Bilateral Distal Radius Epiphyseal Fracture in an Adolescent Weightlifter: Case report
Sports Medicine Department, Faculty of Medicine, Süleyman Demirel University, Isparta, Turkey
Keywords: weightlifting, adolescent athlete, epiphyseal fracture, return to sport.
Sports-related epiphyseal fractures are extremely rare. Bilateral distal radius epiphyseal fractures of an male adolescent weightlifter have been presented. Following bilateral closed reduction and sportive rehabilitation he successfully returned to the sport. Adolescent athletes need supervision of an experienced trainer to avoid injuries when performing resistance exercises. Sufficient intake of micronutrients and vitamins such as Vitamin D which are influencing bone metabolism should be provided along with proper muscle strengthening program.
Until 1980s, resistance training such as weightlifting was not recommended for children and adolescents. This restriction had been attributed to the belief of high injury risks and possible irreversible sequelae of active growth plates (1,2). The physis, or growth plate is 3-5 times weaker than connective tissue, and this weakness is more evident under tension force and shear stress in particular (1). In contrast to these concerns, reports of sports-related epiphyseal fractures are extremely rare in literature (3,4). In studies which have examined the incidence of injuries on the basis of sports disciplines, it has been reported that weightlifting carries less risk of injury than other sports that involve jumping and landing (5).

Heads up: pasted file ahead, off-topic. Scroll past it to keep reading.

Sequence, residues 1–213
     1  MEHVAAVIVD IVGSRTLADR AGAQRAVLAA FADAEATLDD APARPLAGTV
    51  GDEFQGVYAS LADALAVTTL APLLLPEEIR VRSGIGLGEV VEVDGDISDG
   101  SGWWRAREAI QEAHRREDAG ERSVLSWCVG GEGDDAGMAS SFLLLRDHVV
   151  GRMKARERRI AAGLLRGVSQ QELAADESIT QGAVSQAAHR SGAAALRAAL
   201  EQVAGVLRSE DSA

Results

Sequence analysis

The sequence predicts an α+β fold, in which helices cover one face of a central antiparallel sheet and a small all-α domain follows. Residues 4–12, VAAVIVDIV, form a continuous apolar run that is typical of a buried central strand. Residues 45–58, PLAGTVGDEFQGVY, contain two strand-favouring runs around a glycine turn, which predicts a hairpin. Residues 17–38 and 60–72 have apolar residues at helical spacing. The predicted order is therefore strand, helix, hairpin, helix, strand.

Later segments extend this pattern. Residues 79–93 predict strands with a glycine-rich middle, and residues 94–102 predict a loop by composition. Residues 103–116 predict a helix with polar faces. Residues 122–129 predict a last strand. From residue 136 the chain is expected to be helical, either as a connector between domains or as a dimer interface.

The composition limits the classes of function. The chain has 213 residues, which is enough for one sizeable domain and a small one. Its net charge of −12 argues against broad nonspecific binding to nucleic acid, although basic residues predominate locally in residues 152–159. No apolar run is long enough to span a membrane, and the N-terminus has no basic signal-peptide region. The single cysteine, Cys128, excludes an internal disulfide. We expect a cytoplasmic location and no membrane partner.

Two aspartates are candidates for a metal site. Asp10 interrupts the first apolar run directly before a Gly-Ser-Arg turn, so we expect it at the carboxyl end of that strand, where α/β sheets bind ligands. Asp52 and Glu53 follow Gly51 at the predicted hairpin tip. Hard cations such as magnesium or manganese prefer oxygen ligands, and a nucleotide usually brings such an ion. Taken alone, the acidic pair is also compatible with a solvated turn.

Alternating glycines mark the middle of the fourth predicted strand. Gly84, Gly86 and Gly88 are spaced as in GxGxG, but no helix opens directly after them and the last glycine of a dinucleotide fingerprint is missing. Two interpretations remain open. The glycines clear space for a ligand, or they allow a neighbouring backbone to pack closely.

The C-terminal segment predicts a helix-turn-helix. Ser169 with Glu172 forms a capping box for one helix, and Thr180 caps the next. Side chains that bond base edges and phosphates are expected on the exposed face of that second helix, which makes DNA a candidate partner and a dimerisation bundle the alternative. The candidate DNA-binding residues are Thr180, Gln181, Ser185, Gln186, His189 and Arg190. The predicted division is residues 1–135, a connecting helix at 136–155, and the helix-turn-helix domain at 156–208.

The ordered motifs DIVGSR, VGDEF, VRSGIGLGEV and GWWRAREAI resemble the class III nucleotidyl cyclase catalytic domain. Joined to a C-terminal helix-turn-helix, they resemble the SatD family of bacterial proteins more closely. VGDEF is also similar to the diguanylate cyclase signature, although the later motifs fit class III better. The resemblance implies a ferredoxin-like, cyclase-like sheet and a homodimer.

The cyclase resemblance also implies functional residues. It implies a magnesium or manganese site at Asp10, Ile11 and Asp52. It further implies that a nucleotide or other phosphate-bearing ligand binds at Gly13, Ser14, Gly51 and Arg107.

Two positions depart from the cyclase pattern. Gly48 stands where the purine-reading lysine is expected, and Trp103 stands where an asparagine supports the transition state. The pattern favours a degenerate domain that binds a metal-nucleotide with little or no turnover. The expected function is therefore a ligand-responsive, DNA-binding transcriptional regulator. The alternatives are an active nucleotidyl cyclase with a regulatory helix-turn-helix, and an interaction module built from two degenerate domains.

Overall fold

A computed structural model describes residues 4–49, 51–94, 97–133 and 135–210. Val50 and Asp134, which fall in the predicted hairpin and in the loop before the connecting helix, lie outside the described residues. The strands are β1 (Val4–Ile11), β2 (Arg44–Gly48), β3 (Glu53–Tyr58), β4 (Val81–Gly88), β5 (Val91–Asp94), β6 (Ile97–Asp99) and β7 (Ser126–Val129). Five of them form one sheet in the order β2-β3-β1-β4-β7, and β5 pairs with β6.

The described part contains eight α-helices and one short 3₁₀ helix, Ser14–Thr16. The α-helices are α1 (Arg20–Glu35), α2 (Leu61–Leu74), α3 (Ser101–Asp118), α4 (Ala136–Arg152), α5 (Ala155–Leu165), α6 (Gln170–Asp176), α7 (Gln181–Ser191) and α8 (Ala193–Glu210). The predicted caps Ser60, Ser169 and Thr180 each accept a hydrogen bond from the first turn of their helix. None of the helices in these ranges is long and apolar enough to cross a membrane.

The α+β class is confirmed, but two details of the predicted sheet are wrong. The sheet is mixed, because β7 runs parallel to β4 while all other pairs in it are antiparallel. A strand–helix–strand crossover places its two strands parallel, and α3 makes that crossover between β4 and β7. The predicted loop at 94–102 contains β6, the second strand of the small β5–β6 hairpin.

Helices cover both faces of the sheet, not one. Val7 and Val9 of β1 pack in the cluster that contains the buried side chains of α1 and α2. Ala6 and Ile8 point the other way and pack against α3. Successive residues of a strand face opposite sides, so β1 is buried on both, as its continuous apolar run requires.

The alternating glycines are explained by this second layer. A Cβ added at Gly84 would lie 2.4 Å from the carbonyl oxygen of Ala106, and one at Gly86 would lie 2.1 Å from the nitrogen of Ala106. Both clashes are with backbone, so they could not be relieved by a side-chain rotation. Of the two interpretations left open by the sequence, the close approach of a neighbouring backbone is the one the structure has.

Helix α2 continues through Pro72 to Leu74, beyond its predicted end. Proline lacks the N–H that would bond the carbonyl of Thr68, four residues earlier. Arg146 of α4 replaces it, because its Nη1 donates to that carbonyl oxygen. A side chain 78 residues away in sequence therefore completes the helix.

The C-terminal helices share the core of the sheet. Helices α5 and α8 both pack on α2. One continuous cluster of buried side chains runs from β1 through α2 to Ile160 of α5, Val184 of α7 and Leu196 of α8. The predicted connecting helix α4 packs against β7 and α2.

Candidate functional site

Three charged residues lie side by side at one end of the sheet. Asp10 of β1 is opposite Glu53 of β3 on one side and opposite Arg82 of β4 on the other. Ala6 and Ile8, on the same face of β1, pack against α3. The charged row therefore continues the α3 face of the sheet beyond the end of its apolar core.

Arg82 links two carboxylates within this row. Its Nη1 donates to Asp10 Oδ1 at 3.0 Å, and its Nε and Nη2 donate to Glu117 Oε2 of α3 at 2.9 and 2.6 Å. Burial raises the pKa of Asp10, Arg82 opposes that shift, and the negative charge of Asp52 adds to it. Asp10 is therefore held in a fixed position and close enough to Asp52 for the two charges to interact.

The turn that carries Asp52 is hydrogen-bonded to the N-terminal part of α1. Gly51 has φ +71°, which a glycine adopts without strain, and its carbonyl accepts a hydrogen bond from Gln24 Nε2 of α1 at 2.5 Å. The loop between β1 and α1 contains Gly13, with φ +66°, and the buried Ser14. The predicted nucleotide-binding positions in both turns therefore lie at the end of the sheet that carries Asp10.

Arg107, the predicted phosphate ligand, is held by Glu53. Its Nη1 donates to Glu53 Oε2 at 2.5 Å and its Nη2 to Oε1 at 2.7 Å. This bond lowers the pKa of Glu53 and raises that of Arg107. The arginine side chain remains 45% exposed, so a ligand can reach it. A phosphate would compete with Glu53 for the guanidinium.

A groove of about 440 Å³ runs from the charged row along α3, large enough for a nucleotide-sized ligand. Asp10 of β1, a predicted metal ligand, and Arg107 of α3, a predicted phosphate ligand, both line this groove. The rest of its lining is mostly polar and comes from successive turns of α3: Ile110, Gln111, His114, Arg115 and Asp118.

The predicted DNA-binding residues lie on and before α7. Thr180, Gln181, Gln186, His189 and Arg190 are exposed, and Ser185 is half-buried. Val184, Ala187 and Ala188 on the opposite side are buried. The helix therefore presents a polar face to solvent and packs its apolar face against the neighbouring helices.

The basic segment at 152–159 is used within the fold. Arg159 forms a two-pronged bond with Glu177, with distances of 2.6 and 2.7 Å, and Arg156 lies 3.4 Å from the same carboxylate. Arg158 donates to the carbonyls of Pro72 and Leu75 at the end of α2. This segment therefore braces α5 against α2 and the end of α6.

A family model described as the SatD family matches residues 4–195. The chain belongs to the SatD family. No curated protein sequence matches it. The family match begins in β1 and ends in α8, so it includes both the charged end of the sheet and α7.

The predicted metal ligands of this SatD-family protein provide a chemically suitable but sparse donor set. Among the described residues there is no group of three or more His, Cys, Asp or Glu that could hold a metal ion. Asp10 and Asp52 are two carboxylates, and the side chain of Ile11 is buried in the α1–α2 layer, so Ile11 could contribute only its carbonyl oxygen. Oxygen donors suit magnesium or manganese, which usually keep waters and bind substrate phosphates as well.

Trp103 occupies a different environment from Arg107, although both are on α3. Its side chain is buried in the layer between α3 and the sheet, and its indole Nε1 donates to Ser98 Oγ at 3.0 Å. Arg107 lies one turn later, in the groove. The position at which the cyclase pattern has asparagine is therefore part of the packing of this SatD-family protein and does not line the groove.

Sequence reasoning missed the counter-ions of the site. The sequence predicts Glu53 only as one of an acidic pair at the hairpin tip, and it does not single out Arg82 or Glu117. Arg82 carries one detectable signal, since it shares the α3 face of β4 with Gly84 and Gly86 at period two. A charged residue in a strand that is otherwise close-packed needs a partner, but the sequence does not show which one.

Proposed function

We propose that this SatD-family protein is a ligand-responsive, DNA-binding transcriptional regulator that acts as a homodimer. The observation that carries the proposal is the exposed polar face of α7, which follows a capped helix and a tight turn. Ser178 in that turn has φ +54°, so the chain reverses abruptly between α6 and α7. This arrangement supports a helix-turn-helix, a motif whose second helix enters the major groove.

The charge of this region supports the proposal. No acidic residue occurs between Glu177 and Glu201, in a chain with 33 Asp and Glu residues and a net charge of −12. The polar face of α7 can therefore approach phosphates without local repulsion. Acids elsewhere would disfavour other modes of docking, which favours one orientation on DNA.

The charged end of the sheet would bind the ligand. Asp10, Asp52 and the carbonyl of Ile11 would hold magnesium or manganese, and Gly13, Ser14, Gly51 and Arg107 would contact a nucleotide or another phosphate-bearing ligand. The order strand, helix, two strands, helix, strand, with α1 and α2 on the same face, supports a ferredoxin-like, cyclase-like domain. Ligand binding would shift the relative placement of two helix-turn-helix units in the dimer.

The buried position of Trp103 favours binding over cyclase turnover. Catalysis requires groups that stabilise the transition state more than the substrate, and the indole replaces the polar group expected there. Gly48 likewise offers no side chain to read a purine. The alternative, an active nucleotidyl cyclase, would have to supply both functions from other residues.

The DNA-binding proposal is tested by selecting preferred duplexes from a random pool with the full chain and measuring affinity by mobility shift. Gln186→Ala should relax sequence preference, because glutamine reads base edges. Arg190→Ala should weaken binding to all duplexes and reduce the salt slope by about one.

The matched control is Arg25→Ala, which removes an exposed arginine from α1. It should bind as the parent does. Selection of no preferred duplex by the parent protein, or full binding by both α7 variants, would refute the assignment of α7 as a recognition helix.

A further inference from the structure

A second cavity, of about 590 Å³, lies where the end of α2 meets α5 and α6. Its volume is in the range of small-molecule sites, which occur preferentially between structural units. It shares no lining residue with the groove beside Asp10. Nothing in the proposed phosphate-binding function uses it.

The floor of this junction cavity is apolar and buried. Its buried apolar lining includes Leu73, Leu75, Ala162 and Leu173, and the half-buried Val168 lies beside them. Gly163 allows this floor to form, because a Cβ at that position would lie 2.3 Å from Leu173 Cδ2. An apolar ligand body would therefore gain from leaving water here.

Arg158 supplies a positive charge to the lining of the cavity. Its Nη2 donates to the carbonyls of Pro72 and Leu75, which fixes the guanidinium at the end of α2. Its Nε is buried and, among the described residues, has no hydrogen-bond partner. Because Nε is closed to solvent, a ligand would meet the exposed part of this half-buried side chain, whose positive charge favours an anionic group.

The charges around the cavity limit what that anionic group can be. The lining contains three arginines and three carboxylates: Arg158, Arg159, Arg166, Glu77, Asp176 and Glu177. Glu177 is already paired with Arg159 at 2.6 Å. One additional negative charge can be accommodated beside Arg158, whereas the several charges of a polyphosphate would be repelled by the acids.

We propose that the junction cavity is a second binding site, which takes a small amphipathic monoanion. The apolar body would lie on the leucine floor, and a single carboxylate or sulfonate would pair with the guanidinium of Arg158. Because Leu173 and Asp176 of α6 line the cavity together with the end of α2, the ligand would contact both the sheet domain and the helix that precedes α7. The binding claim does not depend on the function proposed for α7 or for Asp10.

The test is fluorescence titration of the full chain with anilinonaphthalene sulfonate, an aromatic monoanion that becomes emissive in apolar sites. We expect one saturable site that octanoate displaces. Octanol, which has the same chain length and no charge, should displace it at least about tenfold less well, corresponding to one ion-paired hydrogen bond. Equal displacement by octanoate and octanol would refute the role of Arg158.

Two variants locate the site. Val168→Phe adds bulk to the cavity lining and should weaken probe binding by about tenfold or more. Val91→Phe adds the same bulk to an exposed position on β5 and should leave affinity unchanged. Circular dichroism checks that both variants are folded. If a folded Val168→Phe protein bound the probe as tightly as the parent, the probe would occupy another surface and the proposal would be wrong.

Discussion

There is not any scientific papers about the sportive rehabilitation outcomes of epiphyseal fractures related to the sports. The aim of this paper was to present the diagnosis, treatment, process of sportive rehabilitation and returning to sport of an adolescent athlete with bilateral distal radius epiphyseal fractures related to weightlifting.